Even as a child, I preferred to be behind the camera, not in front of it. I never loved many pictures of myself—especially alone—but I love this one because it feels like the real me. It’s my real hair color, and you can see my freckles. I’m 12 or 13 here, and this is probably one of the last photos of me before my psoriasis diagnosis. After my diagnosis, I didn’t feel like me in photos anymore. I felt like I was hiding.

Photos courtesy of subject

When I look at this picture, I think “hiding.” My psoriasis was hidden on my scalp (it might’ve even been in my eyebrows here) but I was also hiding my true self: I was hiding my real hair color, bleaching it myself with Sun-In. (I hated going to the salon because of my psoriasis. To this day, I prefer to have a friend who’s a hairdresser do my hair in her home rather than going to a fancy salon.) I’m covering my freckles with tons of makeup and, of course, covering half my face with the huge sunglasses. I had created a larger-than-life persona to hide behind—but maybe not in the best way possible.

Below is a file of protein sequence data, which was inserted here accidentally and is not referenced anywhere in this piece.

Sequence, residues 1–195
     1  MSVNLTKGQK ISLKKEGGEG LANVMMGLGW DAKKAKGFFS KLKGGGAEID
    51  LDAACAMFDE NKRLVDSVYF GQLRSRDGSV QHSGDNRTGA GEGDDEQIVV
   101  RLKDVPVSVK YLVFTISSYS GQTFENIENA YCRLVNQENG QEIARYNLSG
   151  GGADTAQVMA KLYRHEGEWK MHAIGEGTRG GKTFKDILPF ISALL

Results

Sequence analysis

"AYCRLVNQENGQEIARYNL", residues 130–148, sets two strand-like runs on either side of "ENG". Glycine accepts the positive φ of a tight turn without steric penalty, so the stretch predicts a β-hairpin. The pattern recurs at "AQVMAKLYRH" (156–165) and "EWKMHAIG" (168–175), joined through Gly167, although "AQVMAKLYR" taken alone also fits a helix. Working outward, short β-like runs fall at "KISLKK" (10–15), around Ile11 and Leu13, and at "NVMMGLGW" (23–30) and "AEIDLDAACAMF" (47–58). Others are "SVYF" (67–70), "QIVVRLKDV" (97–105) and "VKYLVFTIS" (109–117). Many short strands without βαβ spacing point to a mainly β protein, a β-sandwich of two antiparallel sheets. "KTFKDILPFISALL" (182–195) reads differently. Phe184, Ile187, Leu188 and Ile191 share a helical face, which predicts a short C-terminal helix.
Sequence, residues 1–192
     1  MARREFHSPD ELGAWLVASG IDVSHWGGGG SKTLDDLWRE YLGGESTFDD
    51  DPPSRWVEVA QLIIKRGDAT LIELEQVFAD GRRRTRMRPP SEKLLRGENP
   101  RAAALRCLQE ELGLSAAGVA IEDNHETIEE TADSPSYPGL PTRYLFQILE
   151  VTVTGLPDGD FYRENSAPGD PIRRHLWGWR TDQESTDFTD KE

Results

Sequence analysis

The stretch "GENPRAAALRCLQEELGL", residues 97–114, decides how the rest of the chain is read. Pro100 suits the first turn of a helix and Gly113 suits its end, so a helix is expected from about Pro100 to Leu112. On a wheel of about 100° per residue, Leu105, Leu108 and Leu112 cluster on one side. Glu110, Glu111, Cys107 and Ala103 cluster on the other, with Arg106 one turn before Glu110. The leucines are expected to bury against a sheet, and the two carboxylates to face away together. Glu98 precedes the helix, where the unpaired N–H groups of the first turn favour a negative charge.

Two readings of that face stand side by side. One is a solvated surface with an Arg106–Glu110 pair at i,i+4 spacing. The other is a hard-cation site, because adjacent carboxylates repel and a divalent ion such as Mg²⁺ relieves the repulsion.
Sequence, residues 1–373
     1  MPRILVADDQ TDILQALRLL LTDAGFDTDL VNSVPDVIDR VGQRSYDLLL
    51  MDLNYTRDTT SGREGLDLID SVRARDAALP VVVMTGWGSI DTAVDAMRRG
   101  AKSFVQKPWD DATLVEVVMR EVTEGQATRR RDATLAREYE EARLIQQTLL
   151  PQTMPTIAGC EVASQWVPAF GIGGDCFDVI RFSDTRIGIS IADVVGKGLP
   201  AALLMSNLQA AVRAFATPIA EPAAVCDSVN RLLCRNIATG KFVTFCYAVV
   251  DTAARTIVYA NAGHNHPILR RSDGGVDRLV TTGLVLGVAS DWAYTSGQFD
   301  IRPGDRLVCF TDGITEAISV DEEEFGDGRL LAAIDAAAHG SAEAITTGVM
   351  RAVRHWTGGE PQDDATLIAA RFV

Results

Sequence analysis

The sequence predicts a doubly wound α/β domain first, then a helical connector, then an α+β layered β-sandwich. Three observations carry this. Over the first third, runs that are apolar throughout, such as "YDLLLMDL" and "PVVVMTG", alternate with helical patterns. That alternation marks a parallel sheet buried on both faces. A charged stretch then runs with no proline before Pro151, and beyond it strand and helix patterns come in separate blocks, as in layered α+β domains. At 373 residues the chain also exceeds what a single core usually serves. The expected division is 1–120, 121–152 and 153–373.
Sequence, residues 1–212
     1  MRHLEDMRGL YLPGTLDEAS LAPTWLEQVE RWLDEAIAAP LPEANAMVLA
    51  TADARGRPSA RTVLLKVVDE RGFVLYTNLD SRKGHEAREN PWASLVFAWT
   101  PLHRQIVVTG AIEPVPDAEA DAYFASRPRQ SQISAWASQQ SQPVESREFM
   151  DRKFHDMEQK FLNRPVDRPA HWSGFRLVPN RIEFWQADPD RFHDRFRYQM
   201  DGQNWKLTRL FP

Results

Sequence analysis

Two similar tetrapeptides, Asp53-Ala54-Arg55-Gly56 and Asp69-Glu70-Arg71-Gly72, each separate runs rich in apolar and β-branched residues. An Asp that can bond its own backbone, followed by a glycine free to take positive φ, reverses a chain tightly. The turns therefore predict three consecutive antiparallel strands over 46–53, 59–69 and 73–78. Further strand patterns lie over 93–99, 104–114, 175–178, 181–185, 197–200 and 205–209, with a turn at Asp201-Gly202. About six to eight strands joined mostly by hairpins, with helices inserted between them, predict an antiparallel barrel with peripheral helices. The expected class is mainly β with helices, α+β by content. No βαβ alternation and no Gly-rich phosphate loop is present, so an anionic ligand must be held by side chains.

Photos courtesy of subject

I met the man who I’d eventually marry on spring break when we were both 22-year-old college students. My lifestyle was definitely triggering psoriasis flare-ups at this point in my life. I was drinking a lot, not eating right, and not taking care of my body. I was having a lot of fun, but it was taking a toll on my body.

I love this photo because it’s when my husband and I met, but it doesn’t feel like me. (My now-husband had no idea what was going on then.)

Photos courtesy of subject

In my mid-20s, I realized I needed to start taking care of myself, so I started running with my dad. I ran marathons and I even started winning shorter races. I was also eating better and prioritizing my health. My psoriasis flare-ups decreased during this time. 

Photos courtesy of subject

I loved being pregnant. I remember my skin went a little crazy during the first trimester, but after that, it cleared up and my skin and hair were so glowy and beautiful.

Being pregnant—and then being a mom—has taught me that sometimes the best parts of our lives are also the most stressful.